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List of Things to Bring on a NYC Apartment Rental Search

Updated on January 30, 2017

The NYC apartment rental search, particularly the days when you are viewing apartments, can be a bit overwhelming. As a potential lessor, you are often working with several realtors, apartment owners, and friends to make sure everything is coordinated to see several properties over a short period of time. Even if you are lucky enough to be using a realtor, who will organize much of this process for you, you are tasked remembering the specific pros and cons of properties you may only see for 10-15 minutes - after the 5th or 6th, who can keep track anymore?

To help facilitate this process, I've made a checklist of things you should bring with you when you are viewing apartments in New York City. Having these items with you will help you to make a well-thought out choice when selecting your new place to live:

1. Measuring tape. When you are viewing an empty apartment, it's often hard to understand how and where the furniture will fit into your place (In New York City, this is particularly challenging as the apartments are very small.) Having a measuring tape to better understand whether your personal items will fit into the apartment comfortably will be extremely helpful.

In the apartment, I would suggest measuring:

  • The dimensions of the apartment, taking note of where doors and windows are. This will help you tremendously when trying to understand where to put big pieces of furniture such as a bed or couch. It will also help you to compare dimensions between several apartments, as this is often the differntiating factor between places.
  • The width and height of windows, particularly if you will need to install shades, drapes, or an air conditioner.
  • The width of the door, to make sure that big pieces of funiture will fit through it.

2. Your phone, with enough memory to take a lot of pictures and video. After seeing several apartments, you will start to lose track of which is which, making it hard to decide on the right choice. Using a camera to take pictures and record apartments will help you to have a better "feel" for the place. It will also allow you to discuss potential options with friends and family who may not be able to do a viewing tour with you.

I often underestimate the "right" amount of photos to take when viewing an apartment - I would suggest taking 6-10 of each to make sure you have a good understanding how each looks. Some suggested photos are:

  • The view of the apartment when you walk in, to understand what the "overall" look of the place will look like
  • Pictures of kitchen and bathroom fixtures, to remember the overall condition of the place.
  • Pictures of the main areas where you will place big pieces of furniture (to make sure you understand where they will fit)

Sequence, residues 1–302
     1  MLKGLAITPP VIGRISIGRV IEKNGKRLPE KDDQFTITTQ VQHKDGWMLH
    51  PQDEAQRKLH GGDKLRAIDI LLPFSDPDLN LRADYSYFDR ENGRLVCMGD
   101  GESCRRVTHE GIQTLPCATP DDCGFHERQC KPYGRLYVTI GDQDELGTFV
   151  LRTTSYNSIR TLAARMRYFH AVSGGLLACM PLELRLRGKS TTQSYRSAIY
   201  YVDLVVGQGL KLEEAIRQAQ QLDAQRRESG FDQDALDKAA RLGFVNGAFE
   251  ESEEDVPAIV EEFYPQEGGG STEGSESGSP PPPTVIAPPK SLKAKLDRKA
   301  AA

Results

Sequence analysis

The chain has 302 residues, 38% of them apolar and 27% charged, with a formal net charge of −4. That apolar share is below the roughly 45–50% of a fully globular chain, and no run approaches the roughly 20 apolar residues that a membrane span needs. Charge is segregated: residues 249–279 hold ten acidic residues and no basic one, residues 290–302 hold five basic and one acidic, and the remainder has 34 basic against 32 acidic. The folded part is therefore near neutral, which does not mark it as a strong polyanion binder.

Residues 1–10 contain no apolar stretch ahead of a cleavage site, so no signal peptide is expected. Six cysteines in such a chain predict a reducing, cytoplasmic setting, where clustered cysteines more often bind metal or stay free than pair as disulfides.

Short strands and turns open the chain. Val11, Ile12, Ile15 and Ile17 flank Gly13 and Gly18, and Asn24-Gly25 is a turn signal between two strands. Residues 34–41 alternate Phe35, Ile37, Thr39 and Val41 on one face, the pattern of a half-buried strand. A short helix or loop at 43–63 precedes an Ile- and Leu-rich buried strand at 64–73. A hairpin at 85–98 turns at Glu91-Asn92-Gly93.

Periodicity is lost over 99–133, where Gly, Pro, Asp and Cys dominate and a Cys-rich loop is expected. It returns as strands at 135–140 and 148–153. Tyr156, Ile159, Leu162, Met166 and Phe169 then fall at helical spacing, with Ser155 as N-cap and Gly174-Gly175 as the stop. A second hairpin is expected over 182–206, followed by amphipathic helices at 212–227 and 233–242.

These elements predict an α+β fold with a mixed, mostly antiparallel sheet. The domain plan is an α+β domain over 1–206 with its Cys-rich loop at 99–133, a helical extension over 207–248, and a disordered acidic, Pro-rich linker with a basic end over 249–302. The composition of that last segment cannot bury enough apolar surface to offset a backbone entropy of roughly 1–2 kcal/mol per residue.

• Pictures of the entrance to the apartment building
  • Picture of the hallway to get a better idea of the overall maintenance of the building.
  • A video of the space if it helps you to remember the layout

3. Pen and paper. It never hurts to take notes when you are visiting an apartment - combined with pictures and measurements, this can help to give you a more comprehensive picture of a particular place and gives you the ability to compare apartments over time. I try to take a lot of notes while I am at apartments, and particularly focus on:

  • Making sure I record the EXACT address (if you are using multiple brokers, this is particularly important as you don't want to duplicate seeing a place with more than one broker).
  • The measurements of the apartment.
  • Any names of supers or landlords I meet.
  • The overall pros and cons of the place: I try to list the biggest "pros" and "cons" that I remember - this will give you an overall gut feeling of what you liked. A list that has more cons than pros is very telling.
  • An overall mark: for me, this is either an "X" (no way), a "--" (possibly), or a check mark (very interested) to differentiate the front runners from the rest.

4. A subway map or map of NYC to make sure I understand where my apartment is relative to my work commute.

5. A checklist of exactly what you are looking for. On the apartment search, it can be hard to remember what exactly you originally wanted - in an effort to speed up the process, we try to fit our lifestyles to the apartment vs. fitting the apartment to our lifestyles, making for a less-than-optimal final decision. There are a number of questions you ought to ask and make sure you check for before moving in. I would highly suggest taking a checklist of things you are looking for in your apartment to ensure that it meets all of your needs.

Bringing the above items with you, and using them well, will give you a comprehensive idea of what is available to you and will allow you to choose the apartment of your dreams!

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